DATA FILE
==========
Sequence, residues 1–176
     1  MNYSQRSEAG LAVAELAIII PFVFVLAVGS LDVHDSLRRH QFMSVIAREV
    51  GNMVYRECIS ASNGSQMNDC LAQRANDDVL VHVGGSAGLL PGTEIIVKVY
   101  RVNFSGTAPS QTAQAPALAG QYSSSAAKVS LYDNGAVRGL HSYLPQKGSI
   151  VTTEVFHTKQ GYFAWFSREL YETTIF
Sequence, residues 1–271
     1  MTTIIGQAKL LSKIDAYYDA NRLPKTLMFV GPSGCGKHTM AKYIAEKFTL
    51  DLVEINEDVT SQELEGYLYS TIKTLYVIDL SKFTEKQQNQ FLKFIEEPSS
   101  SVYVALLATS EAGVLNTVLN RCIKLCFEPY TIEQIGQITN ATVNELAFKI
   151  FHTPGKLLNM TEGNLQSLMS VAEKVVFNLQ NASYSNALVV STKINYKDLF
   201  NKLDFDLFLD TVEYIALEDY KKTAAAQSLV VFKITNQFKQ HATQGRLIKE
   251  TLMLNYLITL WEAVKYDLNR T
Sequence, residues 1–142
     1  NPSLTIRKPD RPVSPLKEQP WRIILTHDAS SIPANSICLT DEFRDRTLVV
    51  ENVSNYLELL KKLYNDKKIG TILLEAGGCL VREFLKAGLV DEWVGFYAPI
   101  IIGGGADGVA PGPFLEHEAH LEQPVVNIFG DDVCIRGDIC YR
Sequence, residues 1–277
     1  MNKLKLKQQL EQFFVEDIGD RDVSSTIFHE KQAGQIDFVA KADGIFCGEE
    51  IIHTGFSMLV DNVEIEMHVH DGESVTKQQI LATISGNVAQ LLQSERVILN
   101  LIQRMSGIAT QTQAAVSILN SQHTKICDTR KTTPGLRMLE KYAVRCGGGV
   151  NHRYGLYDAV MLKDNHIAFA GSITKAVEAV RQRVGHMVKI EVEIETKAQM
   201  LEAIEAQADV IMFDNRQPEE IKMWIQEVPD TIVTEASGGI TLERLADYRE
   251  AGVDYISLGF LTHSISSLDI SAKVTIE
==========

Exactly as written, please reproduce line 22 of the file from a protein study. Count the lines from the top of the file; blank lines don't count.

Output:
   201  LEAIEAQADV IMFDNRQPEE IKMWIQEVPD TIVTEASGGI TLERLADYRE